An accident in a chemical factory … Nurses Sandra Ling, Jo Longhurst and Shirley Brent all have a part to play in what follows (Radio Times Listing).
A fair chunk of Accident, the first fifteen minutes especially, takes place outside of the environs of St Angela’s. To begin with we’re back on the beat with Sandra (who’s continuing her occupational therapy placement). Last time I commented about how everybody seemed just a little too nice to her, but today things are a tad more realistic – on the way into work she’s confronted by the leering Geoff Fenton (Graham Fenton) who declares that he needs a touch of massage. Sandra’s fiery expression leaves us in no doubt about what she thinks of him ….
Fenton’s the rather lackadaisical safety manager at a local chemical factory which will prove to be central to today’s story. Indeed, the fact that we’ve already been told that things are a bit slack there might explain why Bob Hubbard (Barry Lowe) was left to tend the machines all by himself.
So whilst Bob is getting squirted with a dangerous chemical called phenol, his number two – Charlie Masters (Andy Bradford) – and seemingly eveybody else are getting the once over from Sandra. It does slightly beggar belief that Bob’s left to suffer all by himself. Surely it would have been a good idea for someone else to be in the factory with him?
Despite the episode title, this was no accident – it was deliberate sabotage. The sight of a twitchy David Troughton (playing John Overton) tinkering with the machines earlier on had already set us up to expect something bad to happen, but another plot niggle is the later reveal that Overton was deliberately targeting Bob. How could he have known that Bob would be tending that particular machine at the precise moment it blew?
Jo is currently working in the intensive care unit which puts her in a more subservient role than usual. On the wards she and the other nurses tend to pretty much rule the roost, but here she’s very much down the pecking order. First comes Dr Miles (Terence Conoley), then Sister Ashton (Marcia King) and then finally Jo. Dr Miles tends to give Sister Ashton the rough edge of his tongue and Sister Ashton is equally snippy with Jo. Poor Jo, on the lowest rung of the ladder, has no one beneath her she can be horrid to ….
The relationship between Jo and Sister Ashton (presumably playing the same character as the unnamed intensive care Sister from Vocation) isn’t explored in any great depth. We know that Jo loathes her (she calls her a “bitch” out of earsbot) although Vocation did suggest that Sister Ashton’s dispassionate nature was simply a coping device. When dealing with a never-ending stream of seriously ill patients, this seems reasonable.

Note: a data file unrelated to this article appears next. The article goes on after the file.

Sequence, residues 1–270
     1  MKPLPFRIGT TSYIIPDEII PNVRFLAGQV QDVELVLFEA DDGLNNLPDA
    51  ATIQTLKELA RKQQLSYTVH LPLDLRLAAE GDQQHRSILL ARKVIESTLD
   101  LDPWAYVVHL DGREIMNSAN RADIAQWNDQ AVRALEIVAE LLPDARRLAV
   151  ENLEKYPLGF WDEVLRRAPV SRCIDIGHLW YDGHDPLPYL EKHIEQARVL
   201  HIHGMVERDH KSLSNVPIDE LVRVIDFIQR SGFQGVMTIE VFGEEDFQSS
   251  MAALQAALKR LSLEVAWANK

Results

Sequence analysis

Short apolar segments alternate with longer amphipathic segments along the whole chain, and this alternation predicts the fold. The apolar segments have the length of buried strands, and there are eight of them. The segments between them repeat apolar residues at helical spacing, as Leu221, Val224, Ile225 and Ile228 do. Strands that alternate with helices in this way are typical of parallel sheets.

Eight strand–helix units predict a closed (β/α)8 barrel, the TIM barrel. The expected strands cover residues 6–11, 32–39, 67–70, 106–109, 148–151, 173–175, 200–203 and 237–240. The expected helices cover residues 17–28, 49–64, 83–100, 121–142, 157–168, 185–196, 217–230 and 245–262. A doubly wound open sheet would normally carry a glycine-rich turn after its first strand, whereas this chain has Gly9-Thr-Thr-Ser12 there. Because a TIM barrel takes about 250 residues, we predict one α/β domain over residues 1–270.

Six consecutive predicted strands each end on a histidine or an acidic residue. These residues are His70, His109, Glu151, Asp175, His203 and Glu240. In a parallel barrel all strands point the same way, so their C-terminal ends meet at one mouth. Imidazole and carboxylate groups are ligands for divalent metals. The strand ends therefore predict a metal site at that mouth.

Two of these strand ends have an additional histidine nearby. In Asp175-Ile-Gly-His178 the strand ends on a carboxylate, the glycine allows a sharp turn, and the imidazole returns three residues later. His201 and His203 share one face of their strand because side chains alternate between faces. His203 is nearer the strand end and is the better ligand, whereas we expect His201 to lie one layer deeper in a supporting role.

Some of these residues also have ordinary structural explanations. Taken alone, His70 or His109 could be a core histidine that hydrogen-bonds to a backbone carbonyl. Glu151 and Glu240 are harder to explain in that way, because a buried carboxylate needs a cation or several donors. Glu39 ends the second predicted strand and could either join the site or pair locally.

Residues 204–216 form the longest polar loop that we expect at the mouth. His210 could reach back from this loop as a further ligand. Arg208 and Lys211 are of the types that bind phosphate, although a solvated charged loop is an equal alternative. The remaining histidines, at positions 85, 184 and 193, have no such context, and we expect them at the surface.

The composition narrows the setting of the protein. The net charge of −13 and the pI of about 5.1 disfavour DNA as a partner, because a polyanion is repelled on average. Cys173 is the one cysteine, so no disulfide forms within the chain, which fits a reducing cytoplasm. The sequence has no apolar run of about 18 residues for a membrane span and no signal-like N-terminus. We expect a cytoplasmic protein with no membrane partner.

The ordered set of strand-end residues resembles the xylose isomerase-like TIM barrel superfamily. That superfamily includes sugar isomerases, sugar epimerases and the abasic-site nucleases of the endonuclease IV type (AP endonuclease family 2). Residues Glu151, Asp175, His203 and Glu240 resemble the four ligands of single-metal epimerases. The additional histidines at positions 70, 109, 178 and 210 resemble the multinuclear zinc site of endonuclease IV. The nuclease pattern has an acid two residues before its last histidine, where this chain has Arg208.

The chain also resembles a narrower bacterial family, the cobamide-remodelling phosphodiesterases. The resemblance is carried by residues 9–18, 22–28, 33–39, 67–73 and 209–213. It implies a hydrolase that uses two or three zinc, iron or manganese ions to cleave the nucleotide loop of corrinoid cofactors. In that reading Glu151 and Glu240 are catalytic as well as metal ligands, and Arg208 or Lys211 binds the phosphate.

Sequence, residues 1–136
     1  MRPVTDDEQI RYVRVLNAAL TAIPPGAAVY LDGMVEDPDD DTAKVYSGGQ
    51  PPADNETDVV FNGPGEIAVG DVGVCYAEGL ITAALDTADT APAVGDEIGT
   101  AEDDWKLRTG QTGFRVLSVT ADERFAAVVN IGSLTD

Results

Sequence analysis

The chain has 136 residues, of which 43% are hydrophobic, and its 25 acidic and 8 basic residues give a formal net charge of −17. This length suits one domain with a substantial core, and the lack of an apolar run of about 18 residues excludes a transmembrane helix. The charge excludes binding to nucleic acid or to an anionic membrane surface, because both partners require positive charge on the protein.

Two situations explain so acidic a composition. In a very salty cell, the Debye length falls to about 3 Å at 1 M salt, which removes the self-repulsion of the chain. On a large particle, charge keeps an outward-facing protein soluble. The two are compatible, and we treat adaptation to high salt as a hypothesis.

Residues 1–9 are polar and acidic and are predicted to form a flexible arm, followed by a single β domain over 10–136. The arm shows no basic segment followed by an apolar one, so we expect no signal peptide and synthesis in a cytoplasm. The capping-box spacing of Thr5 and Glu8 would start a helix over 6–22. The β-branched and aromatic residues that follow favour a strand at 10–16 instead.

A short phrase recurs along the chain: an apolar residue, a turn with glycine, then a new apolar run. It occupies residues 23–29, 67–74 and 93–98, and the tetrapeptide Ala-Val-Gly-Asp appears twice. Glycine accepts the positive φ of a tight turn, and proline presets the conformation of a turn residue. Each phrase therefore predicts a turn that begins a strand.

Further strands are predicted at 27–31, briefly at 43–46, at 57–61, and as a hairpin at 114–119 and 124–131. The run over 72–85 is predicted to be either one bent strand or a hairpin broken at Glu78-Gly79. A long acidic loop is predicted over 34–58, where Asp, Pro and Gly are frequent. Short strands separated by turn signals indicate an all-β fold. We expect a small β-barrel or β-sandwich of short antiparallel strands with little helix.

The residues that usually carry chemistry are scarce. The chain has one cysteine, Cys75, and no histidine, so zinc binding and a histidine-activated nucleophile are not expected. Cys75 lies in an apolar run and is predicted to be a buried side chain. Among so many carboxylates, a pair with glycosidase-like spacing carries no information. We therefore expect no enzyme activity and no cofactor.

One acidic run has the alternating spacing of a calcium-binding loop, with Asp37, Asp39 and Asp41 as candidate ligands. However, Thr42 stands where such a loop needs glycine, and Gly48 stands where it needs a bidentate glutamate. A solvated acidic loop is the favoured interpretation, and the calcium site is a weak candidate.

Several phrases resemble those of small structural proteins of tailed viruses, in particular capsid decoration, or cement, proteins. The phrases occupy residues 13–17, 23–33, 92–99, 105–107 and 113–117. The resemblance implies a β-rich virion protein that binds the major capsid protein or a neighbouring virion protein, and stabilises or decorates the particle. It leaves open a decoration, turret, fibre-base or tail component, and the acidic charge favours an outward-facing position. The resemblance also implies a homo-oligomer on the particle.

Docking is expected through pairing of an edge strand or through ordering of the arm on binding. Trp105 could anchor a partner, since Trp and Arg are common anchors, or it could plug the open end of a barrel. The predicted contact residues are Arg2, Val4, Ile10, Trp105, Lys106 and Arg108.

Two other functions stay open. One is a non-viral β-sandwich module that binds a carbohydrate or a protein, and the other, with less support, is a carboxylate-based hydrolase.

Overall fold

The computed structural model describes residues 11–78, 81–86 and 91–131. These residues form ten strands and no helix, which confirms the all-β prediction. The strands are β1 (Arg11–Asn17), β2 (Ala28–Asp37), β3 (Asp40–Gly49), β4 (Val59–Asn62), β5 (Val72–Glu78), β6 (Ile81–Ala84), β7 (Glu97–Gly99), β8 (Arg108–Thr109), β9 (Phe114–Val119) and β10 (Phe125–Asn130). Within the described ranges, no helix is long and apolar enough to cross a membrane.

The anxious Mrs Hubbard (Patricia Lawrence), waiting for news of her husband, is a type familiar to regular Angels watchers, although Lawrence still manages to tease some interesting nuances from what could otherwise be a fairly stock character.
The fact that Bob was having an affair with John Overton’s mother (played by Barbara Young) is something of a twist. It helps to explain why Overton, already presented as a disturbed type even before we learn that he’s attending the psychiatric clinic, decided to attack Bob. Young’s performance is somewhat broad – indeed, during the scene where Mrs Overton confronts her son it teeters over the edge somewhat.
Another slightly odd turn comes from Andy Bradford as Charlie. He seems so hyperactive and annoying that you’d assume he would be the last person (apart from the homicidal Overton) who should be let loose on dangerous machinery. Although to be fair, he’s much more subdued after Bob’s had his accident.
Troughton is much more restrained than either Young or Bradford. Overton is easily able to function normally on a surface level (Sandra doesn’t pick up that anything is wrong when she gives him a routine check-up) and he only starts to devolve later on when the (unseen) police begin to close in on him. Overton’s child-like nature (reinforced by the fact that comics are his favourite reading matter) is played well by Troughton, who’s as good as you’d expect.
Shirley has decided that she’s interested in combining geriatrics and psychiatry, which helps to explain why she’s currently working with Dr Berry in the psychiatric unit. This feels slightly contrived, but it does allow the impressively bearded Dr Berry (Roy Holder) to question Shirley’s reasons for being there. It’s previously been suggested that working in geriatrics was something of a retreat for her and psychiatrics might be even more so (especially if she’s using it to work out her own unresolved issues).
This is an intriguing possibility, although given that the story is quite busy there’s not a great deal of time to develop it. Indeed, this is one reason why Accident doesn’t quite gel for me – there’s plenty of story potential in the various issues raised, but the script would probably have benefited from having a narrower focus. It’s still perfectly watchable, but does feel somewhat bitty.